# The Fractals' Math

How can Fractals be generated? And what's their characteristics?

## How can they be generated?

Fractals can be generated by:

- computer
- mathematical formulae
- iterations
- rendering algorithms

The most important feature of a Fractal are **iterations**.
To obtain spectacular result, a **high** number of iterations
must be computed. This number can be **infinite** too.

Unfortunately, computers don't have unlimited computational capacity. If the number of iteration are high enough, flaws are not visibile by human eye anymore.

These imperfections remain hidden whether the Fractal is magnified. However, if the zoom is too high, these flaws are visible again.

To overcome this problem, the Fractal must be generated with
increased number of iterations. Nevertheless, the computation will
become more and more **complex**, therefore it
will become **slow**.

## Iteration

**Iteration** is a single computation applied
**recursively** on a formula.
A **recursion** is the calculation of a function which
uses previous results as parameters.

For instance, we compute this formula:

If we set , then the first iteration is:

The second iteration is:

The third iteration is:

And so on.

Complex Fractals can be rendered with simple mathematical computation.
However, complex **rendering algorithms** are required
to generate and view these Fractals correctly and efficiently.

## Fractals' rendering algorithms

Rendering algorithms classify each Fractal by a particular set. The most important Fractals sets are:

- Lindenmayer system Fractals
- Escape time (or orbit) Fractals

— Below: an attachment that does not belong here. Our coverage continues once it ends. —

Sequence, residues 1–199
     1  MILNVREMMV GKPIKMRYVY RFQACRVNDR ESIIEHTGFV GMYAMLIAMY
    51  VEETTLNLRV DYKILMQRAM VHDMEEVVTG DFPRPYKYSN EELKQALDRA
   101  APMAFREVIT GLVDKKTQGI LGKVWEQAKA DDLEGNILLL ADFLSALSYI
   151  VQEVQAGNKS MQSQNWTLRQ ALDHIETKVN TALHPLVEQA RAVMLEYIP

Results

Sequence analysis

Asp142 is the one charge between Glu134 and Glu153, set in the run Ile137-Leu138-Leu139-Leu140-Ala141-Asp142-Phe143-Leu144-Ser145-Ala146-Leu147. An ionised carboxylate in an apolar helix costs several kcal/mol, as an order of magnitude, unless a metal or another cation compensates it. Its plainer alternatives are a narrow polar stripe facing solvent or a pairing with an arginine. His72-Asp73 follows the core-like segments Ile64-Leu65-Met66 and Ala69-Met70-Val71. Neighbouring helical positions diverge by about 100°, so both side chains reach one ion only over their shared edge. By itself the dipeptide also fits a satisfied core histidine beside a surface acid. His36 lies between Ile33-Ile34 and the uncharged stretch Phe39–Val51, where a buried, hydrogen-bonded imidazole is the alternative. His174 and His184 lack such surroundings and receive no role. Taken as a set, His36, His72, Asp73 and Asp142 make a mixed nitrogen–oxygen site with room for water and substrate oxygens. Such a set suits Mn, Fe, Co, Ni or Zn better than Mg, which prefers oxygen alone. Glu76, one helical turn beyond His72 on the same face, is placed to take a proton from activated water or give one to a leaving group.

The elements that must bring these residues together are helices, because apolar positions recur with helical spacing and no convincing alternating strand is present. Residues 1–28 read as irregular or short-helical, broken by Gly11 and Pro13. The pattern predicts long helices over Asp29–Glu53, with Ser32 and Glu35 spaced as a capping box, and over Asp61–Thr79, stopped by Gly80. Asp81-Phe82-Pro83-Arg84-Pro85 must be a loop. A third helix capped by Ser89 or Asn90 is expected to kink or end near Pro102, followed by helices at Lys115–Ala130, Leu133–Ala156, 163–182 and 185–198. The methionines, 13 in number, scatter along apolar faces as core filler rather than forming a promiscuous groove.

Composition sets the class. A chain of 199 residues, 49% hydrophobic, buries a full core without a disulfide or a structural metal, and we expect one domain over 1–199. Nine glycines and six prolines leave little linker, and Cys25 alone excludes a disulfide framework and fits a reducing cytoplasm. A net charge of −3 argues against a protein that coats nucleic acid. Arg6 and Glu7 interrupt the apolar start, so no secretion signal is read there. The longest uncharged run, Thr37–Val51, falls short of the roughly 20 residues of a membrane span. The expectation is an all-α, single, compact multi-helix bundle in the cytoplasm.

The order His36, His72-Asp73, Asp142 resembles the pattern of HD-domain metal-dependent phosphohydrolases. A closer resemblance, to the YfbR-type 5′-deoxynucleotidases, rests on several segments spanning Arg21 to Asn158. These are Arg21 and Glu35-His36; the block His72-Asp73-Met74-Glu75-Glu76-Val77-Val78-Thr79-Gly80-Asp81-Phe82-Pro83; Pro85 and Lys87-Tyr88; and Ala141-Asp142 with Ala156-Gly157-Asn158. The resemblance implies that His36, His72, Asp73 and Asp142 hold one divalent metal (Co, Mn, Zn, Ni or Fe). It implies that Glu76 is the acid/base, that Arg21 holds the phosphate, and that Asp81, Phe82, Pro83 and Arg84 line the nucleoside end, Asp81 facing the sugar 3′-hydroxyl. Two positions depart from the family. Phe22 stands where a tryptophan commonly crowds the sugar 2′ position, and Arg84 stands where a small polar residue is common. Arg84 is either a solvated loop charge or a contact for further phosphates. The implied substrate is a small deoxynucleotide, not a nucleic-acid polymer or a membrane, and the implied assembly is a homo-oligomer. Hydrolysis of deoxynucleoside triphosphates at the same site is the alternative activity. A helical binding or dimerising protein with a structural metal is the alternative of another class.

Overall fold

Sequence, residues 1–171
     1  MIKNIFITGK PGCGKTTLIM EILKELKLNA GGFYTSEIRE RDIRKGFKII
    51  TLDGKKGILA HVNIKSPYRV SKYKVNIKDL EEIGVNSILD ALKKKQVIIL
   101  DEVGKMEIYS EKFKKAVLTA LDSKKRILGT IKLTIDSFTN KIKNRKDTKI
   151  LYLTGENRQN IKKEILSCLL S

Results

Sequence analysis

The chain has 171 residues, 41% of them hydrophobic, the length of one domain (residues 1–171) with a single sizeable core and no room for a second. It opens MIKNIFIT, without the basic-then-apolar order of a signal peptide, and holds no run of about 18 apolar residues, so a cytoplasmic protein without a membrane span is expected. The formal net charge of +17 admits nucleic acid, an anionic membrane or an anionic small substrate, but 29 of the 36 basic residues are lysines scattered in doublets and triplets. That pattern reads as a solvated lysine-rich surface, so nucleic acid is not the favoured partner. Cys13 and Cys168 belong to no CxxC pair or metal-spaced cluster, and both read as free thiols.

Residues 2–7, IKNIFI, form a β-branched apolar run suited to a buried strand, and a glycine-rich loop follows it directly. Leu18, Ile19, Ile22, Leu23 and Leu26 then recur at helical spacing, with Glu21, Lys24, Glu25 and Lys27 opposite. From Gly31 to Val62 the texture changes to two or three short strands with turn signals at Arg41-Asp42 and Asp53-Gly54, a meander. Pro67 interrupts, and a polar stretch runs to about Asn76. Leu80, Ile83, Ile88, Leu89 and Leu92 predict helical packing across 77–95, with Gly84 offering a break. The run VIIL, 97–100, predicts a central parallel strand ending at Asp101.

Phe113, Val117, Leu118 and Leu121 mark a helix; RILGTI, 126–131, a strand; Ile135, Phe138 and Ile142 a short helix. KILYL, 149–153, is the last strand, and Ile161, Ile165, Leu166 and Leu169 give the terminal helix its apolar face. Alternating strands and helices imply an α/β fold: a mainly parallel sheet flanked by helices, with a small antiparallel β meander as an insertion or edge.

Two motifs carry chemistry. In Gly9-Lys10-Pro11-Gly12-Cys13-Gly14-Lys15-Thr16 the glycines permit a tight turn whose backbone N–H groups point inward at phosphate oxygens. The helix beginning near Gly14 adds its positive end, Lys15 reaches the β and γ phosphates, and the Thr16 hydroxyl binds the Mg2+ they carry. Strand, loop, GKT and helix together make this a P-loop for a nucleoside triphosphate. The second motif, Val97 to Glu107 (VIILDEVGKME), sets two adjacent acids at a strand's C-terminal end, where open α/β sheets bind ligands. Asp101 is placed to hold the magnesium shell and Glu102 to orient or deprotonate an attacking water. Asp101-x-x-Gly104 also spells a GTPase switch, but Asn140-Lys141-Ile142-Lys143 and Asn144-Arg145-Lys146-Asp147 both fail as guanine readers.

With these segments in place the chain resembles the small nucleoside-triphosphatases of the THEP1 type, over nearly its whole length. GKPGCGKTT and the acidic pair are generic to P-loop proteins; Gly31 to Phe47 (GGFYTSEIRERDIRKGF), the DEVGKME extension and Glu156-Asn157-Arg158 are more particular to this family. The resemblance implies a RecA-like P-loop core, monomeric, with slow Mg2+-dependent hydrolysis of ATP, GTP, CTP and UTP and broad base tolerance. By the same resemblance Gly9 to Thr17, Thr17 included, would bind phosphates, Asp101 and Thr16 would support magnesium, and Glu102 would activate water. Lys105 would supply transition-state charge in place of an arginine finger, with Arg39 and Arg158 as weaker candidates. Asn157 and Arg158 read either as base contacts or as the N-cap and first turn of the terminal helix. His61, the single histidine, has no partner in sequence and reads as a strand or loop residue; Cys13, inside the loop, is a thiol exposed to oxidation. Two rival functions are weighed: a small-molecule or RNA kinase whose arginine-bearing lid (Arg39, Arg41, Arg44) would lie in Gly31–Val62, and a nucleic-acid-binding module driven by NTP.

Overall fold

- Flame Fractals
- Chaotic attractors
- Three and four dimensional Fractals
- And more

The simpliest Fractal are generated by Lindenmayer algorithm. For each iteration, this algorithm transform every side to a repeated geometric structure.

The starting geometric shape is **axiom**.
Rule states how each side must be repeated.

For example, we take the **Von Koch snowflake**.
The axiom is:

The rule of a single side is:

The axiom is a triangle with three equal sides. This rule transform each side into a four sided shape. If we apply this rule for each side on the axiom, the shape will become a twelve sided star. Therefore, the transformed shape is the Von Koch snowflake at first iteration:

The second iteration transform the shape into sided one:

The third iteration transform the shape into sided one:

After a suffient number of iterations, the shape will be like a real snowflake:

It should be noted that this Fractal doesn't have got any visibile flaws, thanks to a high enough number of iterations.

## Conclusion

Fractals can copy natural shapes, such as snowflakes, trees, plants (for example cauliflowers) and so on. These algorithms can also be used to render realistic natural environment, with little human efforts.